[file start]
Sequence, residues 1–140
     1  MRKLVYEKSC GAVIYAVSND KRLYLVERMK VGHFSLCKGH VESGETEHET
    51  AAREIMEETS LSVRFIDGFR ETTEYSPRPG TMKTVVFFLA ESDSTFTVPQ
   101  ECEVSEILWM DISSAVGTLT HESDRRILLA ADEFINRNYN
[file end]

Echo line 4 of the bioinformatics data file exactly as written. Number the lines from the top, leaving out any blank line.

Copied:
   101  ECEVSEILWM DISSAVGTLT HESDRRILLA ADEFINRNYN